As I'd already undercoated my test marine, I set about scraping off some paint (so that my dinky green stuff book would be able to stick directly to the miniature rather than getting a less secure hold on a layer of paint):

Which was the point where I realised that, trying to dry fit my newly made mould onto the newly nude shoulderpad, having already glued my marine together, his bolter was massively in the way. Rather than trying to cut him apart (or more sensibly, just going and getting another marine out of the box and starting afresh), I set about making a new, skinnier mould, that would fit inside the shoulderpad's outer ridge, rather than covering it in its entirety:

(luckily, my slightly wonky cutting on the right hand side won't negatively affect the results, as it's only the raised book that will be transferred, the outer edge is purely for alignment purposes...)

A little (incredibly cold and dried up but still just about workable with a lot of kneading and swearing and prayer) Green Stuff later and we have a result!

He's currently sat on the radiator to cure, but I'm pretty happy with that result! Once he's had another dab of gesso he'll be ready (again) to test out the colour scheme on (although I'm not sure how I'll paint the book - should I paint it like an actual book, or metallic, or some other option?).

As you may have guessed from the title of this post though, that's not all. As usual, I made myself the vow that this year, once the tally reset over the New Year, I'd paint some miniatures before I bought anything new, to give myself something of a positive buffer (before Salute hits and the tally takes a nosedive). Somehow though, yesterday I found myself in Games Workshop with my wife, buying toys:

I think the logic was that she'd bought herself a new bag because it was (literally) shiny, and I said 'hey we have that in my hobby too but shiny-bloody-itis is usually more metaphorical' and the Starbucks we were in was just around the corner from GW and so yeah I bought these. I'd been looking to pick some Fenrisian Wolves up for a while now, to use as Dire Wolves in my Song of Ice and Fire Project (as they're quite frankly just the nicest dynamically posed wolves on the market, and not badly priced all things considered), and I picked up a pot of the new Technical Paint 'Nurgle's Rot', as an incentive to myself to paint the Nurgle Path to Glory warband that's been sat undercoated for a number of months...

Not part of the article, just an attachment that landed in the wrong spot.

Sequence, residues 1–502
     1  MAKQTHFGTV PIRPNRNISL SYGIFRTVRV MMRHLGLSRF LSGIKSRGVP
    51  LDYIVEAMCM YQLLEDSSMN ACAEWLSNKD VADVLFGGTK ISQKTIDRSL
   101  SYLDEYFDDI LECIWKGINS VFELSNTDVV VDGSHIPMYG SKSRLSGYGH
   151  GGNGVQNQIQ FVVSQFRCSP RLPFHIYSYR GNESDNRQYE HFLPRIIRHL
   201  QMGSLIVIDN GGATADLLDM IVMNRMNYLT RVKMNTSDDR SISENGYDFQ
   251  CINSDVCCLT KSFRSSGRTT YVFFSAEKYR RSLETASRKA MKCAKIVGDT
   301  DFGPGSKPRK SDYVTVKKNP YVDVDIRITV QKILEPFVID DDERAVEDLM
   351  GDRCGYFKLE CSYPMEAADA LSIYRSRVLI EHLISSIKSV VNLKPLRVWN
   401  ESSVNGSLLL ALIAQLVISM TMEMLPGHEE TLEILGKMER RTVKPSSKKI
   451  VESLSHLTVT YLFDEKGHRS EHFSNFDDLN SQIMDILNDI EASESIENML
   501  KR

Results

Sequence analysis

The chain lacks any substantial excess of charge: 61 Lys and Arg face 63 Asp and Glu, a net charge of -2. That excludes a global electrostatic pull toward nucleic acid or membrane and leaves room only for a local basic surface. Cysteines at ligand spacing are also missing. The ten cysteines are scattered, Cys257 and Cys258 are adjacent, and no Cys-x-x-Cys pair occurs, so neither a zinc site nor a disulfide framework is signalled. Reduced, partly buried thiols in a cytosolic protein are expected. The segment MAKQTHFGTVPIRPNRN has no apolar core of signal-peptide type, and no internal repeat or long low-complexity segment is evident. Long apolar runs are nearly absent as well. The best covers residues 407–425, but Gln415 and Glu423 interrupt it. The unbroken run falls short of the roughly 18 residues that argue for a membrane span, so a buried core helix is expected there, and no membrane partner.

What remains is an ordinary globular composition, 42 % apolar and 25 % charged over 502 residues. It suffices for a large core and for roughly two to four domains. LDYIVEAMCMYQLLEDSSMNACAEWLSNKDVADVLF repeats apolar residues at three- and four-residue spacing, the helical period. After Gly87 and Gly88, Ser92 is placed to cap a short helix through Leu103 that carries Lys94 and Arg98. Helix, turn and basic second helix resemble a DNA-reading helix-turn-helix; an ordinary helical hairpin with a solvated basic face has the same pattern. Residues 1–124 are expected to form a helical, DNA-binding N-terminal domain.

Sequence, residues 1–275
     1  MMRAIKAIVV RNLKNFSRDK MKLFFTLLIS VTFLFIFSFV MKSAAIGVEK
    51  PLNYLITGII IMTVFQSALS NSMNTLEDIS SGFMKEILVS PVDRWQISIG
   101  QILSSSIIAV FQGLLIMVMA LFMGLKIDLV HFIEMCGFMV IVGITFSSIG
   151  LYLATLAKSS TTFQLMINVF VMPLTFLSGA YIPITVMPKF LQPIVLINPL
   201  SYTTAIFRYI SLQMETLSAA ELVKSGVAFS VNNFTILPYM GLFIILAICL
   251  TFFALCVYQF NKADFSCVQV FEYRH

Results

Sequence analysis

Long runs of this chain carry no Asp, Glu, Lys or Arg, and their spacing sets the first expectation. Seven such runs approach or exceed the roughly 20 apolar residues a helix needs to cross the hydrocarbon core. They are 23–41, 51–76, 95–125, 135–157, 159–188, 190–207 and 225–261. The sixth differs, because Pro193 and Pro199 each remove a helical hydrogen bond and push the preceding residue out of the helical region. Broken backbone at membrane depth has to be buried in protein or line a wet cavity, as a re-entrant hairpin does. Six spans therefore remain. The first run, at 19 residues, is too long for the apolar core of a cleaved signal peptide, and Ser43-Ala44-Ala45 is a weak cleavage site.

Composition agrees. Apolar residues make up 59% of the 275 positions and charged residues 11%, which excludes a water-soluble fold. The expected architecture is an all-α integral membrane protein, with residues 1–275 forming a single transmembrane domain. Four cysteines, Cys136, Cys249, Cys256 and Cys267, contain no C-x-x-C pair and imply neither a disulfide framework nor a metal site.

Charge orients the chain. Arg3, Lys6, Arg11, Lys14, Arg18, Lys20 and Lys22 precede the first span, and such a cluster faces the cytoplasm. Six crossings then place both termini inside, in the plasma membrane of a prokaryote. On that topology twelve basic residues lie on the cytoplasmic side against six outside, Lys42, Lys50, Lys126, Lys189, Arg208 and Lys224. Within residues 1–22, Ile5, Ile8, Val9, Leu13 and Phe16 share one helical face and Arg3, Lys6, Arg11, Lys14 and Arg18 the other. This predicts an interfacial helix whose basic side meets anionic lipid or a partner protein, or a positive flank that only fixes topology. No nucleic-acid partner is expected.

Which, with a heavy heart, leaves the tally for 2014 at:

0 vs 5 = -5

I think what I really need is another WOMP...

Thursday, 2 January 2014

Tea based display board...

As previously mentioned, I had been in the process of making a small display board to use for skirmish wargaming and to provide a better backdrop to my pictures of painted miniatures, using recycled tea rather than sand as an alternate basing material. Having some time last night (and in part spurred on by the realisations made in my 2013 in review post), I've managed to finish it off, and so can post pictures of the process now:

Having previously acquired my cork pinboard to use as a base (available to order if you've not got an office supplies shop or decent sized supermarket near you), I made up a mixture of dried tea, various grades of fine and coarse sand and tiny slate pieces (and, like every good recipe, a secret ingredient - I kid, it's even more grades of sand and grit) that would be used to cover my board: